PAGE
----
Today, Jeff Bezos, Warren Buffett, and Bill Gates are known to be three of the richest men in the World according to Bloomberg’s Billionaire’s Index. Although they have billions of dollars in their bank accounts, they still couldn’t compete from the African emperor Musa I or Mali or Mansa Musa who is said to be the richest man of all time. Time magazine even described him as “richer than anyone could ever describe”. In this article, we are going to know more of the man who was so rich he crippled economies.
Who is Mansa Musa?
Mansa Musa was born into a ruler family in 1280, back then Mansa Abu-Bark, Mansa Musa’s brother, ruled their empire until 1312. According to Shibab al-Umari, a 14th-century historian, Abu-Bakr was obsessed with the Atlantic Ocean and what he could found beyond it. That is why he embarked on a journey bringing 2,000 ships and thousands of men, women, and salves with him. But apparently, the expedition never returned. Mansa Musa inherited the throne of the kingdom that was so rich with gold. He ruled the Malian empire and he was able to conquer 24 cities that each has surrounding districts with estates and villages during his time including Timbuktu. And under his rule, the Malian Empire was the largest producer of gold in the world. Mansa Musa’s kingdom stretched from the Atlantic Ocean all the way to modern-day Niger.
Mansa Musa’s Empire
The kingdom’s land stretched for about 2,000 miles and it came with a lot of great resources such as salt and gold. According to the British Museum, the empire of Mali had half of the Old World’s gold during the rule of Mansa Musa and all of it belonged to him.
Mansa Musa had almost unlimited access to the most expensive and valued source of wealth during the medieval world. And almost all the trading centers that exchanged gold and other valuable goods were also part of his territory and that’s where Mansa Musa got all his wealth.
Mansa Musa’s Journey to Mecca
Even if the empire was home to a lot of gold, the Mali kingdom itself was not that well-known. But this all changed when a devoted Muslim, Mansa Musa, decided to go on a pilgrimage to Mecca where he passed through Egypt and the Sahara Desert.
According to historians, Mansa Musa reportedly left the kingdom of Mali along with a caravan of 60,000 men. It is said that he took his entire royal court and its officials, merchants, camel drivers, soldiers, entertainers, slaves, and a long train of sheep and goat for food.
Just imagine all of the city’s inhabitants, all the way down to the slaves, were dressed in gold and the finest Persian silk along with hundreds of camels that was in tow and each of them carrying hundreds of pounds of gold. What a sight to behold, right?
And the caravan’s appearance became even more lavish when they reached Cairo where they really showed off their wealth.
What Happened in Cairo?
Mansa Musa left a very memorable impression on Cairo that even visitors who went to the city twelve years after Mansa Musa narrated how the people of Cairo spoke highly of the Malian king. Apparently, Mansa Musa lavishly handed out gold in Cairo during his three-month stay that he caused the price of gold to drop in the region which wrecked the economy.
During his journey back home, Mansa Musa passed through Egypt once again. According to some historians, Mansa Musa tried to help Egypt’s economy by removing some of the gold from circulation by borrowing it back at an expensive interest rate from Egyptian investors. Some say Mansa Musa spent so much of his wealth that he ran out of gold.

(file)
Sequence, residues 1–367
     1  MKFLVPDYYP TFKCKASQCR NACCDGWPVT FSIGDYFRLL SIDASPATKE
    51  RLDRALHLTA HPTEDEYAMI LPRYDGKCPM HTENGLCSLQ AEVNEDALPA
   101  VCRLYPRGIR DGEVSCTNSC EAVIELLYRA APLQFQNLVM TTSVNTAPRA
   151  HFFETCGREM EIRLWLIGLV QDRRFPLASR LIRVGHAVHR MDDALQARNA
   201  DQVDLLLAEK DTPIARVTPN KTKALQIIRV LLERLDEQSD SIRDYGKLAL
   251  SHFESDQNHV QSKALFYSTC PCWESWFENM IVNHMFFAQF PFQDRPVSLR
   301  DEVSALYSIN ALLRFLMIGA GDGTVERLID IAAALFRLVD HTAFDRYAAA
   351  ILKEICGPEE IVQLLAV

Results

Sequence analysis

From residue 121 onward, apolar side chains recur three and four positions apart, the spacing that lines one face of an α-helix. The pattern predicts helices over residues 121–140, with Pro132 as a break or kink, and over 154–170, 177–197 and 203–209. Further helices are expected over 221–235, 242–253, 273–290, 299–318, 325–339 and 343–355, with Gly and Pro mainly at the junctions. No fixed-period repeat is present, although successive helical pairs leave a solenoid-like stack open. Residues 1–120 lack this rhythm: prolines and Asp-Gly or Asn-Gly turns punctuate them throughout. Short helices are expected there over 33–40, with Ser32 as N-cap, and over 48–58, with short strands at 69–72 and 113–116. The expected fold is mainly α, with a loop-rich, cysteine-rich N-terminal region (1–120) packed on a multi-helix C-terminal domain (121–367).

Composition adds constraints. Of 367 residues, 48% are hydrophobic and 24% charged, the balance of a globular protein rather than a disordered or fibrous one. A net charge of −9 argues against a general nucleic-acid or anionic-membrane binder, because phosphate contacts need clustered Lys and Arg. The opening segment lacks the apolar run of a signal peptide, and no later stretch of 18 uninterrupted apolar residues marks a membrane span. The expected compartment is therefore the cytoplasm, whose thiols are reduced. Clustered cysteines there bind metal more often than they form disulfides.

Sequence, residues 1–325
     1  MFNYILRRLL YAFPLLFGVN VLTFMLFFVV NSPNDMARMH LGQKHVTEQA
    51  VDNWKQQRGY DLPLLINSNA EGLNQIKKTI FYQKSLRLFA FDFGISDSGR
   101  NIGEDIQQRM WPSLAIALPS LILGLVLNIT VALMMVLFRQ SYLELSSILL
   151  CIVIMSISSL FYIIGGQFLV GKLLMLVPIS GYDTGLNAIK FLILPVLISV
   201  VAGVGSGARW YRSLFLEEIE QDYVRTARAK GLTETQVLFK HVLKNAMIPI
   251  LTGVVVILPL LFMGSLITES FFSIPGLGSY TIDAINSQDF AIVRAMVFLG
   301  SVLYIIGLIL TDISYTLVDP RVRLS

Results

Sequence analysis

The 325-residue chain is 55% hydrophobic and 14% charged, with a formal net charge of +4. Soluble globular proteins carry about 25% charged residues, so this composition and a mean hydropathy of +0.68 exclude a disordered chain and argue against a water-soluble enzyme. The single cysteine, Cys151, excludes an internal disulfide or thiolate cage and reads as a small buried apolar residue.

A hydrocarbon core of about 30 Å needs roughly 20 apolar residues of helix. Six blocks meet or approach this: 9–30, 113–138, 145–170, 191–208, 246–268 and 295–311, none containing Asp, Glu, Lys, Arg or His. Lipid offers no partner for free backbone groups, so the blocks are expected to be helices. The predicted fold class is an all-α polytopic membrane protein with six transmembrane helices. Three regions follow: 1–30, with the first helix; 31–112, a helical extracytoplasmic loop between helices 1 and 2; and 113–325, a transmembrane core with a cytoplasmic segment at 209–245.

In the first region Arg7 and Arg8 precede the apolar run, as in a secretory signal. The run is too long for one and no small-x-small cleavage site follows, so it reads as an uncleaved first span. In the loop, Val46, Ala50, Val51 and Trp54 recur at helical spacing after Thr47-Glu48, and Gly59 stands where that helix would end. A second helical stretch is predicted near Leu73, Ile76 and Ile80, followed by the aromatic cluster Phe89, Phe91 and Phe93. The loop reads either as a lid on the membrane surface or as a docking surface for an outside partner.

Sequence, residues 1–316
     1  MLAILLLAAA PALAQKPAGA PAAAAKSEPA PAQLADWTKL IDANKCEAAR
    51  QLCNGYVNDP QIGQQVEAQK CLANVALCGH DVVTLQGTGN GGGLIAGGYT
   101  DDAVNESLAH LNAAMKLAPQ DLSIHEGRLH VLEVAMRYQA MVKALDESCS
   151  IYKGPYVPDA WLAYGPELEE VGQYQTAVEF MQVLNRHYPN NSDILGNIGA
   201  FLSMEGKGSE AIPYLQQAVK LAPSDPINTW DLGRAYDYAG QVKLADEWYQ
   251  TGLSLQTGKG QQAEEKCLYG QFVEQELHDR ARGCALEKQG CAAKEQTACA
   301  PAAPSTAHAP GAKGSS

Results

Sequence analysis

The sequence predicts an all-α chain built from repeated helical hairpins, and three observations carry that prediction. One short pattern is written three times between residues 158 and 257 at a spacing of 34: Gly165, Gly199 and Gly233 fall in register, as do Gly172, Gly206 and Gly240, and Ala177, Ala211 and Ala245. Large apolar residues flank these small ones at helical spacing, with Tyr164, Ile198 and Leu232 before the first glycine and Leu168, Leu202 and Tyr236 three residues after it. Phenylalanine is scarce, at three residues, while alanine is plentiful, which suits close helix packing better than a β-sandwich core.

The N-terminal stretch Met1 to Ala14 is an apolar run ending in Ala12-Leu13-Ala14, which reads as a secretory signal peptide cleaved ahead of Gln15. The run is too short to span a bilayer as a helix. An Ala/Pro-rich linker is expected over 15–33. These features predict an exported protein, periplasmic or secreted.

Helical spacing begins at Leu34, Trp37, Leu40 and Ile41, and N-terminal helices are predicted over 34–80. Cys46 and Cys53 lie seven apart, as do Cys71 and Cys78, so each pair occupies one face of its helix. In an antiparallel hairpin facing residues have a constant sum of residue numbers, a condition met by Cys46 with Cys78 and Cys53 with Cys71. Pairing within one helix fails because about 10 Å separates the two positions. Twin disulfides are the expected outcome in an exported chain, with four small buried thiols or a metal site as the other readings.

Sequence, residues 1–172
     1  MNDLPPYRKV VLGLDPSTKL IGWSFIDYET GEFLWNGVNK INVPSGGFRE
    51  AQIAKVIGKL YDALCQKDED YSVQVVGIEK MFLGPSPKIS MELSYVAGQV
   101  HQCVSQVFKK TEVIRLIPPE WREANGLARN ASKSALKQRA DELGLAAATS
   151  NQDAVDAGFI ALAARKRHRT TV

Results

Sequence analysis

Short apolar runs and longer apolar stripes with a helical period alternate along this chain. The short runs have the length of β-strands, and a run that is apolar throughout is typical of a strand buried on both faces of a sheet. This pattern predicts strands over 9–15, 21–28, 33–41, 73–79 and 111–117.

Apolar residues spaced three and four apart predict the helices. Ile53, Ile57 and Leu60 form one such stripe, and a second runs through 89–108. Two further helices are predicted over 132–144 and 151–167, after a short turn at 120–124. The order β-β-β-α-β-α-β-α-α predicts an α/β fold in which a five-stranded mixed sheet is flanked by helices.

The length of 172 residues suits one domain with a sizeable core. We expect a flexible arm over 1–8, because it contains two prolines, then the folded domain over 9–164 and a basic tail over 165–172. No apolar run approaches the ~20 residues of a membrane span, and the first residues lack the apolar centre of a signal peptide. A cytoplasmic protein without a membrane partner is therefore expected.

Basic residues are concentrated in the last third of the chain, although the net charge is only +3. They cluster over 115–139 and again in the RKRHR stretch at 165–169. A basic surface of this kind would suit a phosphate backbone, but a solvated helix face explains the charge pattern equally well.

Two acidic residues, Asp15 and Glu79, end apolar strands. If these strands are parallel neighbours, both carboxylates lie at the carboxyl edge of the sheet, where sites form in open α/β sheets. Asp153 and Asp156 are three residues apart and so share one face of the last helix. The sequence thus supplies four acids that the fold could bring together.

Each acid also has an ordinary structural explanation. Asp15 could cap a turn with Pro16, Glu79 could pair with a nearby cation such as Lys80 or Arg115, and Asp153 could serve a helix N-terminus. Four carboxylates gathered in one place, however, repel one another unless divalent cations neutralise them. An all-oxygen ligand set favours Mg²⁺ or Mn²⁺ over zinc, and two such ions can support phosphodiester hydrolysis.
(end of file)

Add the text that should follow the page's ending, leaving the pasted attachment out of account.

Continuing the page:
Historians say that Mansa Musa gave so much gold along the way that the entertainers no longer liked to praise him in their songs because they think that Mansa Musa wasted so many local resources outside the empire.
Putting His Kingdom and Himself on the Map
Mansa Musa returned to the kingdom of Malia from Mecca with several Islamic scholars including descendants of the prophet Muhamad, an architect named Abu Es Haq es Saheli, and an Andalusian poet. Mansa Musa ordered the architect to design the famous Djinguereber mosque and he reportedly paid the Andalusian poet two hundred kilos of gold which in today’s money would be 8.2 million dollars.
Aside from encouraging arts and architecture, Mansa Musa also sponsored building schools, mosques, and libraries. That is why Timbuktu became a center of education and people from different parts of the world traveled to study at what would become Sankore University.
While it cannot be denied that Mansa Musa spent and wasted a lot of gold throughout his pilgrimage. But it was also his excessive generosity that caught the attention of the world. Quite literally, Mansa Musa had put himself and his kingdom on the map. If you look at a Catalan Atlas map from 1375, you will see a drawing of an African king that sits on a golden throne while holding a piece of gold in his hand on top of Timbuktu. That made Timbuktu an African El Dorado and people from different parts of the world came to have a glimpse.
After Mansa Musa died at the age of 57 in 1337, the Malia empire was inherited by his sons who couldn’t rule the empire. It resulted in smaller estates breaking off and the fall of the empire. The arrival of the Europeans in the region was the kingdom’s final nail in their coffin.
But historians believed that if the Europeans arrived during Mansa Musa’s time, with the height of its economic and military power, things would definitely have been different.
Up to the 19th century, the Malian empire still had a mythical status as a lost city of gold at the edge of the world. Back then it is still known as a beacon for European fortune hunters and explorers and this was mostly because of achievements by Mansa Musa 500 years earlier.